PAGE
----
Shares in Novo Nordisk A/S, the Danish biopharmaceutical company that recently announced a restructuring of its research operations, continued to slide as investors contemplated the competitive threats posed to its pivotal diabetes and hemophilia franchises.
On Oct. 4, Roche Holding AG's rival hemophilia drug Hemlibra received an extended approval by the U.S. Food and Drug Administration for patients with hemophilia A. On the same day, positive data was released regarding Eli Lilly and Co.'s experimental diabetes medicine.
Novo Nordisk is the world's biggest maker of diabetes drugs and has five potential new treatments for the disease in its pipeline, including a once-weekly insulin injection and a long-acting GLP-1 tablet. GIP and GLP-1 receptor agonists belong to a class of drugs that help control blood glucose levels in patients with type 2 diabetes by stimulating the GLP-1 or GIP proteins to increase insulin secretion.
According to results of a phase 2 study released at the European Association for the Study of Diabetes meeting in Berlin Oct. 4, Eli Lilly's version of the dual GIP/GLP-1 receptor agonist, known as LY3298176, performed better than expected in a midstage trial, lowering blood glucose and contributing to weight loss over six months. Compared against both placebo and Lilly's own diabetes medicine Trulicity, this GLP-1 receptor agonist showed a weight loss of 8.7 kilograms and 11.3 kilograms at doses of 10 milligrams and 15 milligrams, respectively, compared with only 2.7 kilograms seen with Trulicity.
'King Kong has arrived'
Jefferies analyst Colin White rates Novo a "hold" and said in a note to clients that the company's "basal insulin franchise is being impacted by evolving biosimilar competition and pricing pressure in the U.S. and the hemophilia franchise is facing greater competition following the launch of Hemlibra."
"In contrast, the GLP-1 franchise has been going from strength to strength with the launch of Ozempic and positive clinical trial results for oral semaglutide," White continued. Jefferies is forecasting GLP-1 franchise sales of 45 billion Danish kroner in 2022, accounting for about 33% of total sales for Novo that year.
Bagsværd, Denmark-based Novo, which has been making diabetes medicines for over 90 years, announced plans Sept. 18 to diversify its research and development operations to include stem cell and cardio-metabolic research. After a failed bid to acquire Ablynx NV earlier in the year, it has been on the lookout for companies in the rare disease space and is keen to pursue more external collaborations and track down novel therapeutic approaches. Having come under pressure from payers in the crucial U.S. diabetes market in recent years, Novo is seeking to diversify just as the competitive landscape intensifies in two of its key therapeutic areas of focus.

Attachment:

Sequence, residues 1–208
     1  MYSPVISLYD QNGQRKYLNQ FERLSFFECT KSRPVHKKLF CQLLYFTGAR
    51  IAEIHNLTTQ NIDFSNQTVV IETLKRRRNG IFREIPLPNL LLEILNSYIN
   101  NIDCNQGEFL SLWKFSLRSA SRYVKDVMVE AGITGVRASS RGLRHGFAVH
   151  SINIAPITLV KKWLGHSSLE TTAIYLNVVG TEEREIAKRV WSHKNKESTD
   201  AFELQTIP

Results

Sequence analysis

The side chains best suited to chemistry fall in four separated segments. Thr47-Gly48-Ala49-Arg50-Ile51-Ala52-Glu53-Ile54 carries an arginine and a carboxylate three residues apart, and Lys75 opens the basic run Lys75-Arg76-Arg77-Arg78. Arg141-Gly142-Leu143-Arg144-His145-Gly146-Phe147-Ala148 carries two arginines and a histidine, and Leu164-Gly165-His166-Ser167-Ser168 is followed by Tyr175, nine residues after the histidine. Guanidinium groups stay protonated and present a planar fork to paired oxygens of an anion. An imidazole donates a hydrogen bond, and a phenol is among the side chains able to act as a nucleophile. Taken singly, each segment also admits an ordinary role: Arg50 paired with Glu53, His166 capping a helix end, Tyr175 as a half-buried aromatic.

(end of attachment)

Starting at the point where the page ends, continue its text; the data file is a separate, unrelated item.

"With a new and relatively unexpected competitor likely in due course, some of the bullish forecasts for parts of Novo's GLP-1 franchise might need to be tempered, suggesting a lower consensus revenue and profit growth rate over the long term," said HSBC's Steve McGarry, who is not altering his forecasts. McGarry, who rates Novo Nordisk an "underperform," said the Roche approval should negatively impact Novo's ultra-high-margin NovoSeven business. "The growth challenges for Novo are increasing," he said.
Other analysts pointed out that questions were raised over the safety profile of Lilly's experimental LY3298176 medicine. UBS analyst Michael Leuchten said the 15-milligram dose seems too toxic to be commercially viable. While the data suggests Lilly has a better candidate on its hands than Trulicity, it is not a foregone conclusion that the experimental treatment can beat Novo's Ozempic and oral semaglutide, Leuchten said.
Citi analysts summed up the attitude surrounding the diabetes market in light of the Lilly data by quoting a participant during the company's question-and-answer session at the European Association for the Study of Diabetes meeting in Berlin:
"I used to think semaglutide was the gorilla-GLP1, now King Kong has arrived."
As for Novo's hemophilia pipeline, Jim Huntington, professor of hematology at the University of Cambridge, said the expanded approval for Hemlibra was a positive and would not necessarily impact Novo as badly as it will Shire PLC and Bayer AG's market share in hemophilia.
"It will be interesting to see what the uptake will be," Huntington said. "Hemophilia patients are conservative, and won't change if current treatment is working. I think the $5 billion projection is optimistic," he wrote in an email to S&P Global Market Intelligence. "Safety is key, and I would think most patients will wait for some real-world data before taking the leap. So, perhaps slower-than-anticipated market penetrance."
Shares in Novo Nordisk were trading down 8.10 Danish kroner, or 2.6%, at 277.95 kroner by the close of trade Oct. 8.
As of Oct. 5, US$1 was equal to 6.48 Danish kroner, according to S&P Global Market Intelligence.